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I sincerely believe that a subjective experience can be understood by others; and it would give me no pleasure to announce that the black problem is mine alone and that it is up to me to study it. But it does seem to me that M. Mannoni has not tried to feel himself into the despair of the man of color confronting the white man. In this work I have made it a point to convey the misery of the black man. Physically and affectively. I have not wished to be objective. Besides, that would be dishonest: It is not possible for me to be objective.

— Frantz Fanon, _Black Skin, White Masks_, p. 86 (My emphasis)

I think that everyone who does documentary photography (or its cousins), and anyone who views such photography, should be familiar with this passage.

Set aside the specific context (racism and colonialism) and consider the principle: _I sincerely believe that a subjective experience can be understood by others…But it does seem to me that M. Mannoni has not tried to feel himself into the despair…_

When dealing with any attempt, in any medium, of one person to authoritatively represent another person’s experience to a third party, there are always two temptations: on the one hand, to despair of the possibility of anyone having insight into experiences they do not share, and privileging primary experience and group membership above all else, and on the other hand, to avoid ever acknowledging that there may be a problem with allowing someone who is outside a problem to form our understanding of it. There is also a third temptation that should be mentioned: the temptation to retreat away from experience into the realm of “objective” facts.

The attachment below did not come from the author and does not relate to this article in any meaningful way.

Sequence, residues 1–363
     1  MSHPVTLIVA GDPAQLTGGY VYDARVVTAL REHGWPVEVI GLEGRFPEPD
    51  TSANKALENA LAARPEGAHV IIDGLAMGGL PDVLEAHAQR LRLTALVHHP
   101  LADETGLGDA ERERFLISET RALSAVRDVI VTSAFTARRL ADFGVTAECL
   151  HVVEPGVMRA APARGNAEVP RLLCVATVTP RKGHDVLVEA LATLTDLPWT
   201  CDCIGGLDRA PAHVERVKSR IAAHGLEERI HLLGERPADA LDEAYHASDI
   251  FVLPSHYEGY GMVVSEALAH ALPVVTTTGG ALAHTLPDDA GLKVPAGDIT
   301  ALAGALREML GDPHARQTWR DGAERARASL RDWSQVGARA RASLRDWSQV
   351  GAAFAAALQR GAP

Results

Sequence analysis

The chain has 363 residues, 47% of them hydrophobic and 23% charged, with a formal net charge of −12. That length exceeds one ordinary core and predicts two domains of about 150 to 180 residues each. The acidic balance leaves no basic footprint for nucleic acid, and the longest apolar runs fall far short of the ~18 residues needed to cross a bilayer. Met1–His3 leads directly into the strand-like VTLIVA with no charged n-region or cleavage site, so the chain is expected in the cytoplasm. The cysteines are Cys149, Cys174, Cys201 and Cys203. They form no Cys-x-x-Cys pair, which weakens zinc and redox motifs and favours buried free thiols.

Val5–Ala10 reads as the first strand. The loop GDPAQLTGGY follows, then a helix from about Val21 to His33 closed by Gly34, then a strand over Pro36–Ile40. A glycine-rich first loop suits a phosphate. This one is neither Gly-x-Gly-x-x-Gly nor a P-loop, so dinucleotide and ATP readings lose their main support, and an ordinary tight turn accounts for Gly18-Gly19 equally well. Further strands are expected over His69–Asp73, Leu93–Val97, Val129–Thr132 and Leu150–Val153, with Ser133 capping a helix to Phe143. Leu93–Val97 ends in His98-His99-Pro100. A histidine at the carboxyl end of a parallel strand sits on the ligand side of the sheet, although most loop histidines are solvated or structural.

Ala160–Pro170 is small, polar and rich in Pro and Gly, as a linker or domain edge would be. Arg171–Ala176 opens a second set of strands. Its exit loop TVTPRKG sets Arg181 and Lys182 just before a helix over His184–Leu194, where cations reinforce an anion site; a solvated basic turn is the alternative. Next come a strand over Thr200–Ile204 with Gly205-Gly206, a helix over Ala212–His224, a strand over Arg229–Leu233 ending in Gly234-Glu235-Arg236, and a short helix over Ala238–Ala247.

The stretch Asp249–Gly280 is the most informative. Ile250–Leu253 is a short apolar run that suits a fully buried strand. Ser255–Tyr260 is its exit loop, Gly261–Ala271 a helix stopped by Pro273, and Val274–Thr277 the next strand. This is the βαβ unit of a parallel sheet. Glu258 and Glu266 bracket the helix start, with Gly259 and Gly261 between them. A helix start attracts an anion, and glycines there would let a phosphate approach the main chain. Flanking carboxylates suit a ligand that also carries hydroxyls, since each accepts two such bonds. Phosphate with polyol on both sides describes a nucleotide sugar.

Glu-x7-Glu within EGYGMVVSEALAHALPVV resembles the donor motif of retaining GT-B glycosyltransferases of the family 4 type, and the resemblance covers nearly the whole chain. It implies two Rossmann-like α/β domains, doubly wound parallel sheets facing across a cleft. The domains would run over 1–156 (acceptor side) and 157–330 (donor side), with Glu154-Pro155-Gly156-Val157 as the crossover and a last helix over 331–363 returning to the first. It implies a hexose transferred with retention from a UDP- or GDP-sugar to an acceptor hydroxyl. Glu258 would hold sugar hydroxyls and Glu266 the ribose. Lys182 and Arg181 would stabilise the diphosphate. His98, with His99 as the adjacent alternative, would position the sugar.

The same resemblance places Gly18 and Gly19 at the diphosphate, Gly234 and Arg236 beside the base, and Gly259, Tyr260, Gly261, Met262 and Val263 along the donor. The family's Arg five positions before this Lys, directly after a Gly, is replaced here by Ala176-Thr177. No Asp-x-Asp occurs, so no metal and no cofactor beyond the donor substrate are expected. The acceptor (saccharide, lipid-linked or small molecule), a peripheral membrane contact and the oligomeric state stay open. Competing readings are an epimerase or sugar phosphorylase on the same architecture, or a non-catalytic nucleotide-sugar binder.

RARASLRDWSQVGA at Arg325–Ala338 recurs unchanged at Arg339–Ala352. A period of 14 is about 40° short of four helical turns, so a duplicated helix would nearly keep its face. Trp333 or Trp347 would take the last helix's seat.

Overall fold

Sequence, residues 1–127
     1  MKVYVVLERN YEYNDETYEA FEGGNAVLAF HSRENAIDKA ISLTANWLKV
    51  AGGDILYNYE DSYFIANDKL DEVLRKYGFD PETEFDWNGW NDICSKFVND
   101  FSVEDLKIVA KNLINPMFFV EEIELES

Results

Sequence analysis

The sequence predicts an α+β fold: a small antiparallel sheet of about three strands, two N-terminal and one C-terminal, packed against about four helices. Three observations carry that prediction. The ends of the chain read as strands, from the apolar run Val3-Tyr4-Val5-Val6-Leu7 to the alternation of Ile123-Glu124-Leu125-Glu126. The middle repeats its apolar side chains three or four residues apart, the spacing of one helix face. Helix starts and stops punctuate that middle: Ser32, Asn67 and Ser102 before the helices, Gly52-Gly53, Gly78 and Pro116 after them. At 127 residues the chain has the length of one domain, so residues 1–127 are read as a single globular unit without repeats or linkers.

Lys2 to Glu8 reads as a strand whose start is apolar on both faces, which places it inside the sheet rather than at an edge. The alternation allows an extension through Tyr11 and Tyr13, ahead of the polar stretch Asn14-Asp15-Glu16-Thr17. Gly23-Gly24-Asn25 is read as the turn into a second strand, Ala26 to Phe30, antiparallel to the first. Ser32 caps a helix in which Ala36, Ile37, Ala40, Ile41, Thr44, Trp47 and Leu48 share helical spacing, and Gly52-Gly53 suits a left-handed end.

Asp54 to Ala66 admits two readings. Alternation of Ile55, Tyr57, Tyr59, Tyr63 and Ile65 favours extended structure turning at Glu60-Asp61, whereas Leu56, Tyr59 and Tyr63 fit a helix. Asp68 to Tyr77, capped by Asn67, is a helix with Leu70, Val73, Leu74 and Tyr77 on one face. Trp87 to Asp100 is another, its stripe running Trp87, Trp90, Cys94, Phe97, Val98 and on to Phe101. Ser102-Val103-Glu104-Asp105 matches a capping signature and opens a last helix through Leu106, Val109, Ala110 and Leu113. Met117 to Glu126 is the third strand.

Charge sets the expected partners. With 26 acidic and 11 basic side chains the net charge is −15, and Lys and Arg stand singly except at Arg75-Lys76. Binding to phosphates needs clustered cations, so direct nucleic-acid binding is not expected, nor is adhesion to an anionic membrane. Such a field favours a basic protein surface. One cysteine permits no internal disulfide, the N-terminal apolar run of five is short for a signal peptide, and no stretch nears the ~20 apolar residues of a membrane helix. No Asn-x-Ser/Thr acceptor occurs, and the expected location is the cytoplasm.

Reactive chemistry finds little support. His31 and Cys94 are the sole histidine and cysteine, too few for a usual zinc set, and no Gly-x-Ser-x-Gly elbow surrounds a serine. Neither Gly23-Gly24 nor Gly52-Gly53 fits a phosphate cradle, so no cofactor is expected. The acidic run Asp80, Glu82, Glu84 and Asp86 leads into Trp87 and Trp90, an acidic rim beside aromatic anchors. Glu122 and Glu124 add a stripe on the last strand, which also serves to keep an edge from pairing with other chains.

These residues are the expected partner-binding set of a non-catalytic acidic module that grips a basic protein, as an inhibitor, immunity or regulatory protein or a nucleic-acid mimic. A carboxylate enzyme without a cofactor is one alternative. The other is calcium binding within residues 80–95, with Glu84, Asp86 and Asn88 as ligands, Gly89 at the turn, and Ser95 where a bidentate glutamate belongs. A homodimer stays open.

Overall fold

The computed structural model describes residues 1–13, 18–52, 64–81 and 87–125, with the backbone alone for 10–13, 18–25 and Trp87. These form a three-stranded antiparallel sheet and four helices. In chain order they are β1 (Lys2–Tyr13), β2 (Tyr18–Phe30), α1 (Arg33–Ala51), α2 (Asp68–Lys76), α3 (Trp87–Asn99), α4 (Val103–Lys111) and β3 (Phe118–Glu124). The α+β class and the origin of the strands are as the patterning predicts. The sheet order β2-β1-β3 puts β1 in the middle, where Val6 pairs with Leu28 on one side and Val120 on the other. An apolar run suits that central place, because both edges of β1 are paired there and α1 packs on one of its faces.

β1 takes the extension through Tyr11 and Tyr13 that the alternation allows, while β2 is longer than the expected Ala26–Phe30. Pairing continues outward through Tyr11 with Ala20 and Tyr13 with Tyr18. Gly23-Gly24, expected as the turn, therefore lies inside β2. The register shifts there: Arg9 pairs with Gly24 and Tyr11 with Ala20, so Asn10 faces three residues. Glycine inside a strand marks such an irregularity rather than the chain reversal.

These three temptations are major barriers to useful communication on subjects like race, class, gender, and sexuality, but they also rear their heads in many other areas.

The reason these temptations exist is that all of them free us from the burden of having to exercise personal judgment in evaluating the reliability of another person’s account of a given situation. Judgment is not a problem that can be referred to the realm of facts, or to automatic principles of exclusion or inclusion, and it is also not something that can be replaced with an appeal to credentials granted by some authorizing institution.

We have to actually decide whether _we_ believe in someone’s sincerity, their insight, and their eloquence — or whether we think they fall short in some or all of those areas. That judgment is inescapably subjective, but it is _not_ merely a matter of opinion, and it cannot be ignored or set aside without crippling our ability to deal with realities.

This is a terrifying realization for a lot of folks — myself included. It frightens us because we know that our judgment is not 100% reliable, _especially_ when operating on limited information, as is usually the case when we’re applying it to, say, a photo essay or a book. And given that fact, we can be absolutely certain that some of the time, we are going to be _seriously_ wrong. However, that fact is by no means adequate justification for giving in to one of the three temptations enumerated above.

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